In Devious Derivations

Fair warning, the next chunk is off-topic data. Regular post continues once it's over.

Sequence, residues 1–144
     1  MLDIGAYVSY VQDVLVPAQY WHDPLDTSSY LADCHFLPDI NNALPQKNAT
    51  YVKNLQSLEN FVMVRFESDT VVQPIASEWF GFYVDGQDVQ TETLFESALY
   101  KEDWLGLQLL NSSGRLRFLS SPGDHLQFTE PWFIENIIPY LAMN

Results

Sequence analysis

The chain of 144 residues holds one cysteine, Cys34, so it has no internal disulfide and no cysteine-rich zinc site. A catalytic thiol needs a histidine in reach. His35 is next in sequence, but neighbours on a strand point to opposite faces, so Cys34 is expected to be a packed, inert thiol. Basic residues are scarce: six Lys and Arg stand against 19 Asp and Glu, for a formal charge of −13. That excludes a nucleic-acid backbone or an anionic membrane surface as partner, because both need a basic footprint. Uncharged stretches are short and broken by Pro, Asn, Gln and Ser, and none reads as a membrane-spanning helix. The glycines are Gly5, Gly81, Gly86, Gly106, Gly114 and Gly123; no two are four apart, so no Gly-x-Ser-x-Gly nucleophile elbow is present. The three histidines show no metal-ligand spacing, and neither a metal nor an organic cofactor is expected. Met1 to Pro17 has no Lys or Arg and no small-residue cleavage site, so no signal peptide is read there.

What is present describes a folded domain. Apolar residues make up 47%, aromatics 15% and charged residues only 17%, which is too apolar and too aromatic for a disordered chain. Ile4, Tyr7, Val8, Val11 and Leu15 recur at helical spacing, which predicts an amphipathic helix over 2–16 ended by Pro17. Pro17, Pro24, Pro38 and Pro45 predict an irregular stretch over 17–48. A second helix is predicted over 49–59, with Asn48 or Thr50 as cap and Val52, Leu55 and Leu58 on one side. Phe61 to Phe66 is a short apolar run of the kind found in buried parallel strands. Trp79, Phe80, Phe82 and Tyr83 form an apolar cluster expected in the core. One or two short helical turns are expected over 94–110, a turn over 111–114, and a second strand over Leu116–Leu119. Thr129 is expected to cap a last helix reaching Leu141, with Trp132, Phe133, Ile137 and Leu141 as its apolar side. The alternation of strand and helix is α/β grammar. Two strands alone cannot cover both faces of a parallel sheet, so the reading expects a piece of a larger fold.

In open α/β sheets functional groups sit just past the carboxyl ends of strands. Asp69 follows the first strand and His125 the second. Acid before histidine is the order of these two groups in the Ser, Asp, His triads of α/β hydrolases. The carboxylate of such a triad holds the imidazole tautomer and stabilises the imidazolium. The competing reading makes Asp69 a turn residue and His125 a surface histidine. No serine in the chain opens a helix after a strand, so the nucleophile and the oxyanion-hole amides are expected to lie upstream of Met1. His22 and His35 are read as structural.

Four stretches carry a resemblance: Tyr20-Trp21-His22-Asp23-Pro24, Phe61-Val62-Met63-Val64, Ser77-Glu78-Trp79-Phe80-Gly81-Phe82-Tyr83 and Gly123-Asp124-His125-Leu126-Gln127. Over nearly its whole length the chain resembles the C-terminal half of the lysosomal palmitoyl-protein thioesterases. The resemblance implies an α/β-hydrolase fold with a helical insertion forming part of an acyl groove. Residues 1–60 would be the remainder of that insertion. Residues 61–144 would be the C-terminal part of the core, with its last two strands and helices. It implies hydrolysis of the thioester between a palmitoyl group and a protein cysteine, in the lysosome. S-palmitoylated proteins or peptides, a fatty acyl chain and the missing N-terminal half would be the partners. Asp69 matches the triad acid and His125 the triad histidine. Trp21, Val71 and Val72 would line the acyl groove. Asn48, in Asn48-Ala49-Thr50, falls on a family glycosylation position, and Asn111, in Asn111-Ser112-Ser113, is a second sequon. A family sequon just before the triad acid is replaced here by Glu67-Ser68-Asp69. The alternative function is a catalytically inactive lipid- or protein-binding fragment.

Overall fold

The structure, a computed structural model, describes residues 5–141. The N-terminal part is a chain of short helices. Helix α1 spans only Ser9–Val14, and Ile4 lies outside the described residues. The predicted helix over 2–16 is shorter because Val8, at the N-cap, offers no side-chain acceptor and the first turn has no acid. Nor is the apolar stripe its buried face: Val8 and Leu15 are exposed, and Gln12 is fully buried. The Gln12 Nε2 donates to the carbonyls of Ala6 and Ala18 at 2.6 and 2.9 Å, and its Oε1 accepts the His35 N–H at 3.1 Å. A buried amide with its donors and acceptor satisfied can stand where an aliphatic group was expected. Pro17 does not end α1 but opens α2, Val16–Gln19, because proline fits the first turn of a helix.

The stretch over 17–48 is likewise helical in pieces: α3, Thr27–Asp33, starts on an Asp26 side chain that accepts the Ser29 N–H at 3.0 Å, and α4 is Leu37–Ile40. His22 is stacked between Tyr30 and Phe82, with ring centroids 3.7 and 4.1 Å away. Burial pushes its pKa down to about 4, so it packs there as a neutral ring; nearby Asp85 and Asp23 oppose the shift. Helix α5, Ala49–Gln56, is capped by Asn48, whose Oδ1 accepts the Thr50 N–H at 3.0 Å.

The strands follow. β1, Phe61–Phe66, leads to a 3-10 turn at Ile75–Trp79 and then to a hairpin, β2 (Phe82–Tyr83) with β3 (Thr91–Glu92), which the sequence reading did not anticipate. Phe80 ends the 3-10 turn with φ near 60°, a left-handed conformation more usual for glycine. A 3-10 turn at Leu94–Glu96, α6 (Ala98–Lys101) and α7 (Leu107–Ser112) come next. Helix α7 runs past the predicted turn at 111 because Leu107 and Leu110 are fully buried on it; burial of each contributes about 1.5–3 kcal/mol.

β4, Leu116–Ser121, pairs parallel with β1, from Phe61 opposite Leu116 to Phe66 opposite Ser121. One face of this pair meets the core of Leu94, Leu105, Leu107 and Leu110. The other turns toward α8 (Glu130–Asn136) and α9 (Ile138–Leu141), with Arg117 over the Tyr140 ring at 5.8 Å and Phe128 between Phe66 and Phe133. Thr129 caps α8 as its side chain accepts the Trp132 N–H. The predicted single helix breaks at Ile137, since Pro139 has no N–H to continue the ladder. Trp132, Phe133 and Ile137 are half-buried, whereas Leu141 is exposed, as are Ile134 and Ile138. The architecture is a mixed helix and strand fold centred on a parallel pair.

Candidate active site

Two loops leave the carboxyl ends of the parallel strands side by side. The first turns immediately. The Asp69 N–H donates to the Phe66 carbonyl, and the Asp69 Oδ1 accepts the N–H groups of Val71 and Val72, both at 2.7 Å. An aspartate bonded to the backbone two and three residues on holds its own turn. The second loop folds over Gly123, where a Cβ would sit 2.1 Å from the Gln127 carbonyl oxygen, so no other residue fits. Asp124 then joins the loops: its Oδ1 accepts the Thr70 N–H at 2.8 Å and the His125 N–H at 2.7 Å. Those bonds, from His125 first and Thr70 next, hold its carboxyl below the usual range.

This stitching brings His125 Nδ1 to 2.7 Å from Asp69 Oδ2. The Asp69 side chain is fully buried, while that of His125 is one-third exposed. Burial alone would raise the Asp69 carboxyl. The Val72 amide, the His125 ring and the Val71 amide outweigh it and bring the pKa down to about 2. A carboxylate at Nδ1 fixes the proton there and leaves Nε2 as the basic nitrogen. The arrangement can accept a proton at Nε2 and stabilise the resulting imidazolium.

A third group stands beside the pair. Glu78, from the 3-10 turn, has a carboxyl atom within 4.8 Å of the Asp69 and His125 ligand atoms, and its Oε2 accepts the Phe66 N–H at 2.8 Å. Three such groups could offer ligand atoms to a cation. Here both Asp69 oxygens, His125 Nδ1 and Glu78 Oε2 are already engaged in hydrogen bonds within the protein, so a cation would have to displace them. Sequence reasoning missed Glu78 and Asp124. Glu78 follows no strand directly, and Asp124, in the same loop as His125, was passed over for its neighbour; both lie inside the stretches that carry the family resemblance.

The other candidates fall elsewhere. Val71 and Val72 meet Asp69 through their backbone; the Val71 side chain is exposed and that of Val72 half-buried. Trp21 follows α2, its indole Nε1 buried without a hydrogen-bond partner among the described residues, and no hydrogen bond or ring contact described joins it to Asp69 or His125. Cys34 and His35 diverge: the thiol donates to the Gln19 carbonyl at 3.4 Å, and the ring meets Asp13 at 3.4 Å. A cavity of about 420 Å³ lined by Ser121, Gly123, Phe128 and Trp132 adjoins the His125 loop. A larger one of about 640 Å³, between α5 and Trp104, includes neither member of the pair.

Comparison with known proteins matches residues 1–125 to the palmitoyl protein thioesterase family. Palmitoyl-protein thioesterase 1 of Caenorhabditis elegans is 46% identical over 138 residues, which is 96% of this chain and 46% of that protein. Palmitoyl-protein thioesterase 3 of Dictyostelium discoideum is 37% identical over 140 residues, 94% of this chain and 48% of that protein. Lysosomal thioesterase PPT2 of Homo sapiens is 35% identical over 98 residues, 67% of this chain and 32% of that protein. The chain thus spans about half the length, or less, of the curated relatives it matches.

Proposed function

, word maven Hugh Rawson brings you a marvelously entertaining roundup of 1,000 spurious etymologies, then enlightens you with their genuine counterparts. Some wiseacre (which, by the way, has nothing to do with a land measure) may have told you that a tip is something you give to a waiter "To Insure Promptness," or that James I once knighted a remarkable side of beef, saying "Arise, Sir Loin," but like hundreds of oft-repeated accounts of word origins, they're just too good to be true. People, it seems, are etymologizing creatures, and if a certain lexical lineage is unclear, they are sure to invent one. If you hear that pumpernickel was named by Napoleon Bonaparte, who, upon being served the dark German bread, derided it as "pain pour Nicol" (bread for his horse, Nicol), you can take it with a grain of salt (which since 1647 has been making questionable tales, like questionable meat, more palatable). The same goes for condom (there is no evidence of a Doctor or Colonel Condom ever existing), crap (only coincidentally related to the toilet innovator Thomas Crapper), SOS (not from "Save Our Ship," let alone "Save Our Souls"), and Baby Ruth (often credited erroneously to the legendary baseball player). So when you're trying like the dickens (which has nothing to do with the novelist) to figure out what BVD stands for (hint: it's not Boy's Ventilated Drawers), don't be an ignoramus (which does not come from the word ignorant) --
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